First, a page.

Geisel published his first children's book, And to Think That I Saw It on Mulberry Street, in 1937, after 27 publishers rejected it.

Winner of the Pulitzer Prize in 1984, an Academy Award, three Emmy Awards, three Grammy Awards, and three Caldecott Honors, Geisel wrote and illustrated 44 books. While Theodor Geisel died on September 24, 1991, Dr. Seuss lives on, inspiring generations of children of all ages to explore the joys of reading.

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Customer Reviews

Most Helpful Customer Reviews

121 of 123 people found the following review helpful By L C on December 20, 2000
Format: Hardcover
Although best loved for children's literature, it is often noted that Dr. Seuss wrote about social issues. This is one of his best, but least cited, examples. This book is a collection of 4 shorter-than-usual Dr. Seuss stories, but ones with quite significant social meaning.
The first, and most well known of the book, is the Sneetches. It is a story of a society of haves and have-nots (imagine that!), in which access to the goodies of life are determined by whether or not you have a star on your belly. Read into it what you will. Whatever you make of it, it is certainly a commentary on racial, gender, or any number of other social categories! The story's strength is that it shows just how arbitrary and constructed these categories are. Features -- such as a star, but also skin color, gendered attributes, etc etc -- can be used to define people as dominant and powerful, or repressed and marginalized. What is at issue is not which characteristics are used to delineate people into specific social categories or identities, but how people marginalize others by playing up those definitions...
The Zax is a cute little story, which teaches us that compromise is quite important. Too many Daves is equally short and cute, although its meaning is less obvious. I see it as a cry for individualism. Could just be a cute story...
Finally, "What was I Scared Of?" is another really good story with a social meaning -- again read into it as you will. In this story, there is a pair of pale green pants which has no one inside of it. The main character is afraid of them, but only because he never bothered to find out about them... what they were about. In fact, the empty green pants are just as afraid of him as he is of them! When they both realize they are pretty much the same, once you stood face to face with the other.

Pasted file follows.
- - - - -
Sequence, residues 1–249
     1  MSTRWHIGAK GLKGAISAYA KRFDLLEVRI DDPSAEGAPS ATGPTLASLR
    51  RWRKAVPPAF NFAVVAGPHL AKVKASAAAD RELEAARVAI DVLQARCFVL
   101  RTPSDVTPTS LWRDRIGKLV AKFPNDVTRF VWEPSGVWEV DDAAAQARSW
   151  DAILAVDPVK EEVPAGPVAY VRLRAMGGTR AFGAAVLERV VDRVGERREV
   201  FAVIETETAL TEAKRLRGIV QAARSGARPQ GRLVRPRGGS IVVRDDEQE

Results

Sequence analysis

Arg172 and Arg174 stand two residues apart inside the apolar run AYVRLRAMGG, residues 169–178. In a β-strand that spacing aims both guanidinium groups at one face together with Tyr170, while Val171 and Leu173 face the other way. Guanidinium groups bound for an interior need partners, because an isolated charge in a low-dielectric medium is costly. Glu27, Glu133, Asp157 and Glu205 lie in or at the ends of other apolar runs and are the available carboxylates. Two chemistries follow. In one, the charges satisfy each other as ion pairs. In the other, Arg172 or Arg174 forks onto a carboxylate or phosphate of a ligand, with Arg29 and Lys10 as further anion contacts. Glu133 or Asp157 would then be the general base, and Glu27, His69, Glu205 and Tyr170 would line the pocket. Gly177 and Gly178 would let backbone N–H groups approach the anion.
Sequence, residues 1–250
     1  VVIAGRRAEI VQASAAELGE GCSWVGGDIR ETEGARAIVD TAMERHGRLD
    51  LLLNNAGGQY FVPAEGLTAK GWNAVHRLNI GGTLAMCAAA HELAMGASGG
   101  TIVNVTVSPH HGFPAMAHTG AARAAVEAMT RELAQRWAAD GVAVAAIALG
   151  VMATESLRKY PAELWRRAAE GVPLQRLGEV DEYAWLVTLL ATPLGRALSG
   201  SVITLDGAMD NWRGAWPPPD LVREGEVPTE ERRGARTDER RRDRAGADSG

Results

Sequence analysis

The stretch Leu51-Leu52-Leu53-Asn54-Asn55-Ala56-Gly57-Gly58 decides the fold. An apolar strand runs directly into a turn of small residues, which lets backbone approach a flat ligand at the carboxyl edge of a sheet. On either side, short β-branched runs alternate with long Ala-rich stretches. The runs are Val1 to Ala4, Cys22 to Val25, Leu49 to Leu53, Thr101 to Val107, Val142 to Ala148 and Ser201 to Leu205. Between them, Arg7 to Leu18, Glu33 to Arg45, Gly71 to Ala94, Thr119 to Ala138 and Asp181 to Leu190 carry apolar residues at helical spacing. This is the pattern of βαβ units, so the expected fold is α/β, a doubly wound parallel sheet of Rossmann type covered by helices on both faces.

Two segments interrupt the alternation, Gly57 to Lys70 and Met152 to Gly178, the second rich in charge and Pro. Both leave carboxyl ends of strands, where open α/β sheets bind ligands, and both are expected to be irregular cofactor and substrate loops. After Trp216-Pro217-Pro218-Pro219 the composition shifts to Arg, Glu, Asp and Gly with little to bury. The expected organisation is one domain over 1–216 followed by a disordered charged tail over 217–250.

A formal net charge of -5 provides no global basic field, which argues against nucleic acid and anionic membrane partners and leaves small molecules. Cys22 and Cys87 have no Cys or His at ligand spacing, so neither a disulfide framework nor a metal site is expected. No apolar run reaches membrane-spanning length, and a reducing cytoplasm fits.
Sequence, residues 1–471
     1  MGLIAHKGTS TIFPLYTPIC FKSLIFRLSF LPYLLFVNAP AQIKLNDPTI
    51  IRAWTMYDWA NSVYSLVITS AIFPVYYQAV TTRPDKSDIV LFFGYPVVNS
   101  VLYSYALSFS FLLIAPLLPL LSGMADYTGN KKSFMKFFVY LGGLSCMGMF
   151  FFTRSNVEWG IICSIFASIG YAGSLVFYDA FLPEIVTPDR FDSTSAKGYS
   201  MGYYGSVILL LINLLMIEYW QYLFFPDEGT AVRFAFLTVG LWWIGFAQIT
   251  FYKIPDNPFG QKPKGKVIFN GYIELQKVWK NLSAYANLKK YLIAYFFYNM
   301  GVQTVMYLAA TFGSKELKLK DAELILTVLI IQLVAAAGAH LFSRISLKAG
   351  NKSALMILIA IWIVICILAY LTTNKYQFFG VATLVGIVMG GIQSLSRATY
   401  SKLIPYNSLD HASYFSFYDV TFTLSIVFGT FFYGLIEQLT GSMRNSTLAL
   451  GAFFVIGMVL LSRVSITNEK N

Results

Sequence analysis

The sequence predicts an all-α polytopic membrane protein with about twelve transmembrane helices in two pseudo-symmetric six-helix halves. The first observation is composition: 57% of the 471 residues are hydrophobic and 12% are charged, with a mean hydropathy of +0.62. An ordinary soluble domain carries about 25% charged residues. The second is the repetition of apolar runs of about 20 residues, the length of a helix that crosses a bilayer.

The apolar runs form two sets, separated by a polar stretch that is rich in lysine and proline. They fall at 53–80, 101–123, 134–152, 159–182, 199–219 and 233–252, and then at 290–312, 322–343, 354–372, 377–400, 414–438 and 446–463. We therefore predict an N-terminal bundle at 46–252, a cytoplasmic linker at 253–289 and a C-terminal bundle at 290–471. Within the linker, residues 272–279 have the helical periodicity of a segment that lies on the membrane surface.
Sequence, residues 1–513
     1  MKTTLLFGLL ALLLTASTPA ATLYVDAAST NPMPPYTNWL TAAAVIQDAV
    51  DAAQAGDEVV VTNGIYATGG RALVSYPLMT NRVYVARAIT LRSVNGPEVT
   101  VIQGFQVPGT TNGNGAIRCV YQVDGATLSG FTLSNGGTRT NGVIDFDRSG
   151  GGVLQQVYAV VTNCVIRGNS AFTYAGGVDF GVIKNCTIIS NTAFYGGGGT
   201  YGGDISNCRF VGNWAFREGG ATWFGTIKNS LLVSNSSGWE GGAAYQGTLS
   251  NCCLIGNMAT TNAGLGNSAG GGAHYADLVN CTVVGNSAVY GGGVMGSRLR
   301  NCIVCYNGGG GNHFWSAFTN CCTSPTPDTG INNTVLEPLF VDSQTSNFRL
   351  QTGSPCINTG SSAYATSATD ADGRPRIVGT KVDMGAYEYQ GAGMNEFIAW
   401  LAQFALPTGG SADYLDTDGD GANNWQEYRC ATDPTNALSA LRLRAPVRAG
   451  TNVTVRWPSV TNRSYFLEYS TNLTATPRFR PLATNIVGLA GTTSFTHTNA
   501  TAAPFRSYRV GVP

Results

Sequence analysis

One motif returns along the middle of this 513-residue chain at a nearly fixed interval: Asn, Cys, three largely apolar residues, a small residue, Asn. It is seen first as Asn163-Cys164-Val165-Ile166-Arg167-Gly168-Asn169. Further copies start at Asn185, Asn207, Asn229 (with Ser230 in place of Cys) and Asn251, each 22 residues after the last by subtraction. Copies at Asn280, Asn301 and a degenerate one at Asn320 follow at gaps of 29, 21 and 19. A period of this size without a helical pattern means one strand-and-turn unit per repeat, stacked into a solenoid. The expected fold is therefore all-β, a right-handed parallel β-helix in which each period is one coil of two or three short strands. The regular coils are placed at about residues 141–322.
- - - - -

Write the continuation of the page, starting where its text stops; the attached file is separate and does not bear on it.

Five Stars I do give it! Five Stars Upon Thars!
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28 of 29 people found the following review helpful By A Customer on March 22, 1998
Format: Hardcover
This is definetly one of Dr. Seuss' best. Four stories with messages so subtle and solutions so obvious that both adult and child will enjoy them again and again. Time (and repitition) has not dimmed any of their charm. The story of The Sneetches focuses on prejudice. Perhaps the most subtle of all Dr. Seuss stories, it demonstrates the silliness of stereotypes and what happens to those who subscribe to them. The story of The Zax tells the story of two stubborn and inflexible Zax. And what happens when they happen to run into each other. Too Many Daves is one mother's story of naming all twenty-three of her children Dave. But my favorite it What Was I Scared Of? It's a not very scary story of seeing a pair of "pale green pants with nobody, inside them". And what to do if you should see them.